When I was 11, my grandmother gave me a small telescope. With it, I’ve viewed the Moon, planets, stars, and galaxies. I learned to sight objects through the small finderscope on the side and then track them in the main lens for some amazing views. It’s not a great telescope, but it showed me the moons of Jupiter, the rings of Saturn, beautiful views of our Moon. I remember looking at the Moon the night that man first landed there…and I could plainly see the Sea of Tranquility and imagine men walking around there.
Watching any object over time, I’d have to adjust the telescope every half-minute or so because the object would drift out of the small circle of sight. When I’d look directly up at the sky, nothing seemed to move; but when I focused on anything through the lens, it rushed across the field of vision and disappeared past the rim of sight. I knew—but didn’t really understand—that the world was turning under the heavens and moving my point of view. I also learned how the Moon moved slowly across the sky each month to wax into Full and wane into New; I couldn’t see the constant motion, but when I made a point to notice how the Moon was in a new place in the sky each night, I understood that it was moving. Then I grew to understand that watching carefully in the telescope, I could actually see the constant motion. It took me years to realize that I was seeing both the turning of the Earth and the motion of the Moon…but it required my careful attention and a telescope.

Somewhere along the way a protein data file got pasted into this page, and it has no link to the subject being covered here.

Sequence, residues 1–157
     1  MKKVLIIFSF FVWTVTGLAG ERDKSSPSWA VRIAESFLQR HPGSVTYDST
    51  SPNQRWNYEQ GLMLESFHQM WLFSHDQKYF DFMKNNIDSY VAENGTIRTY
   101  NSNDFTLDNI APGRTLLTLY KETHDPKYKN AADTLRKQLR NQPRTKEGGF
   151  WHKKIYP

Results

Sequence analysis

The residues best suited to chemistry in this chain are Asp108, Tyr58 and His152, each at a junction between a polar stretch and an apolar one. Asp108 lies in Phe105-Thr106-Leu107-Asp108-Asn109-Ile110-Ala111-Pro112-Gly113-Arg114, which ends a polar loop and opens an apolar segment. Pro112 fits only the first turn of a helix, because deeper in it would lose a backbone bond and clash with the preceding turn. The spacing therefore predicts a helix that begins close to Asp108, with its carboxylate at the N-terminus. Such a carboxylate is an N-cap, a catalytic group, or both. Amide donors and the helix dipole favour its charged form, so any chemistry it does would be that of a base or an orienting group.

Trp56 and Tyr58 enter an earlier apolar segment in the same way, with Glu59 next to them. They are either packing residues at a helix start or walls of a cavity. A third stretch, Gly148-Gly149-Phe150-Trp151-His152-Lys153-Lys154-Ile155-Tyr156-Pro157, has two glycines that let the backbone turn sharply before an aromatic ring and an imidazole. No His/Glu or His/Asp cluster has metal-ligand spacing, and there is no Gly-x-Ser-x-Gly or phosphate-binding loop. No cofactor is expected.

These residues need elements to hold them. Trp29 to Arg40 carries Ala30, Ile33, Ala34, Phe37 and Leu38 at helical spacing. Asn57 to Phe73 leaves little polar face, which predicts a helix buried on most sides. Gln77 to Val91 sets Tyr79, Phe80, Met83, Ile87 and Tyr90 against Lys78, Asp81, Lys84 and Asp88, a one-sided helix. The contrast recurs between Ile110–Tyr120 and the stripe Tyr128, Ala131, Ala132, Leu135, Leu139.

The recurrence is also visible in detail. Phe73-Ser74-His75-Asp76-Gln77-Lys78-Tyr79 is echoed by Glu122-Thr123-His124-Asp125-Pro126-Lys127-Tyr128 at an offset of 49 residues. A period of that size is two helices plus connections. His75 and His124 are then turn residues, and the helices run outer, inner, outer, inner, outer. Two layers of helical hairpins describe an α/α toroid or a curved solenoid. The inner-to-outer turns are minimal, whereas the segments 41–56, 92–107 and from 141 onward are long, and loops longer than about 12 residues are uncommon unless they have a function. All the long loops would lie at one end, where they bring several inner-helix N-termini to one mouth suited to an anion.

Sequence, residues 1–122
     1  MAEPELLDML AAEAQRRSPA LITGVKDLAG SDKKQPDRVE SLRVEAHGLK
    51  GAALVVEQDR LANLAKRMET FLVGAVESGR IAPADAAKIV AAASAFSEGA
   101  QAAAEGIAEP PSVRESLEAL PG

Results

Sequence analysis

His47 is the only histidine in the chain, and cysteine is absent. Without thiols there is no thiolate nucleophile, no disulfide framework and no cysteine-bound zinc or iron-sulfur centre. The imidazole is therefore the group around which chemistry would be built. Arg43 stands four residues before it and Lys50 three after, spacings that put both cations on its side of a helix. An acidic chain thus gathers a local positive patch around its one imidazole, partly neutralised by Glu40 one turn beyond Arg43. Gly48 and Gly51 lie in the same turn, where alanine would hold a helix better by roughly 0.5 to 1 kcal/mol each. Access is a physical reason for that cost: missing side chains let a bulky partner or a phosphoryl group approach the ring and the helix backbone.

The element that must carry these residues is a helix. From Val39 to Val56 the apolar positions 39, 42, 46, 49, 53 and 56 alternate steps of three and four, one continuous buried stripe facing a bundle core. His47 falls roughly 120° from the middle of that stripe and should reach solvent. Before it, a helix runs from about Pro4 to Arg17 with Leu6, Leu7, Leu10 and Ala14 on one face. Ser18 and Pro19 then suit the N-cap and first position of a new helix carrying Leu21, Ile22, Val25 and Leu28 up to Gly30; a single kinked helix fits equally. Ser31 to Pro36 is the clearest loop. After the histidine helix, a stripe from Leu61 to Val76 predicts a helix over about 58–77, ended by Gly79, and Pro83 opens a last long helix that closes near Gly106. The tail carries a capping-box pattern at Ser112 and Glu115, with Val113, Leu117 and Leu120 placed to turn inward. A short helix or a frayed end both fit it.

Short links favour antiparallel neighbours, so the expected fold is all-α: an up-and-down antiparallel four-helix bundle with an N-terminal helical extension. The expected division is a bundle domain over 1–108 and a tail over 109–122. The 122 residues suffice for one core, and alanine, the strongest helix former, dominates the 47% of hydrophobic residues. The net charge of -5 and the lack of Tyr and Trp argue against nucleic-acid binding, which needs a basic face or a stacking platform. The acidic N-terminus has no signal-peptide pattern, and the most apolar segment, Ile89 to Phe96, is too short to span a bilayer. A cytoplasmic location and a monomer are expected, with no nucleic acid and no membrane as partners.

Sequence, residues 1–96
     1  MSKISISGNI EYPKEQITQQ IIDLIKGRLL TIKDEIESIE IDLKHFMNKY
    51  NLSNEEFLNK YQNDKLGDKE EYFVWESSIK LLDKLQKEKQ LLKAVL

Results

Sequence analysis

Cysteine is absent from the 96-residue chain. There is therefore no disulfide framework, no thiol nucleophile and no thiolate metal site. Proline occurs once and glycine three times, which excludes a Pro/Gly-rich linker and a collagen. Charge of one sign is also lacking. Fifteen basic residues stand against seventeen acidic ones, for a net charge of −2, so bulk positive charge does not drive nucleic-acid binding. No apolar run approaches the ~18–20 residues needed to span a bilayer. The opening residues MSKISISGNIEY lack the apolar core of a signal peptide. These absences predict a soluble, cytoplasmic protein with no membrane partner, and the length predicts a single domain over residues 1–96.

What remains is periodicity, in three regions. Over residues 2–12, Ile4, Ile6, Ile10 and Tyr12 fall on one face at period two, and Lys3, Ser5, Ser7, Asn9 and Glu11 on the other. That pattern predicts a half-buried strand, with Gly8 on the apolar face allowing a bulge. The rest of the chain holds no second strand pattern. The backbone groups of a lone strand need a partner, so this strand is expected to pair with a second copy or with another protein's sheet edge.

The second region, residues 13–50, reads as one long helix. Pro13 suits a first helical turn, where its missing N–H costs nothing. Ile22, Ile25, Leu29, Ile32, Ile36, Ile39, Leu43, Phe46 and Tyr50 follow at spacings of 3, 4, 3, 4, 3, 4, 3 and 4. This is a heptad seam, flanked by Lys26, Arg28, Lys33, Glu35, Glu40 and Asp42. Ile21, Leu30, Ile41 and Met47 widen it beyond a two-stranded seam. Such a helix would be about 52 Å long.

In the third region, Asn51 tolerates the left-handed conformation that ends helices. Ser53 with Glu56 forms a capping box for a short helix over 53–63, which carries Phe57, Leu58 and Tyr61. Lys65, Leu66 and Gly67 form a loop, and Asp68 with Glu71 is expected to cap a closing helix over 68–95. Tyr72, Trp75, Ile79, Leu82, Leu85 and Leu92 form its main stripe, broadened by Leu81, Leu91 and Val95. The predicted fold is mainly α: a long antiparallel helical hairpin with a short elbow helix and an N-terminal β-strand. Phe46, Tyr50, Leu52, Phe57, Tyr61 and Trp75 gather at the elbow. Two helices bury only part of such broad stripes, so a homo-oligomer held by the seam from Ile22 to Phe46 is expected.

Later—much more recently—I was in Reykjavik, Iceland on the longest day of the year, the Summer Solstice when the northern pole of Earth is leaning toward the Sun. Some friends and I watched the sunset that night. As I watched, I realized that I was seeing the sunset apparently to true north and it seemed to move from west to east…it was completing a celestial circle around the pole of Earth and I was far enough north to see it. Watching sunsets in Pennsylvania has always been a matter of seeing it rise upward in the east and set downward in the west. But in Reykjavik, the Sun made a circle in the sky that night and I watched it set due north, moving west to east and then rise continuing its motion in the same direction. I could actually see that I was on top of the world. It didn’t take long to realize that I was seeing something that I’d read about and understood…but careful attention now allowed me to see it.
In one of my favorite poems, The Lovesong of J Alfred Prufrock by T. S. Eliot, the very timid narrator says, “I’ve measured out my life in coffee spoons.” Sometimes, that line is the logo of my life: I’ve been cautious and methodical and conservative and I’ve lived in a very measured way. Sometimes, I can’t sense that things are moving at all…the motion is very hard to discern. Sometimes a morning in October seems exactly like a morning in the preceding April: same kitchen, same table, same chair, same coffee, same mug. I used to drive to work along back roads through the quasi-farmlands and suburbs outside Philadelphia, back roads that seemed not to change as well. The seasons changed, but even they are largely predictable. October has the same colors as April, except that it’s dying leaves of color rather than sprouting blossoms.
This failure to see it is a failure of neither the motion nor my life…the coffee each morning is new and the roads of Pennsylvania change even in their constancy. It is purely a failure of my perception—maybe a failure of my coffee-spoon-measured caution—that prevents my seeing it. Because when I use the right tool or stand in the right place and look carefully enough, I see that all is in motion....we're all going somewhere.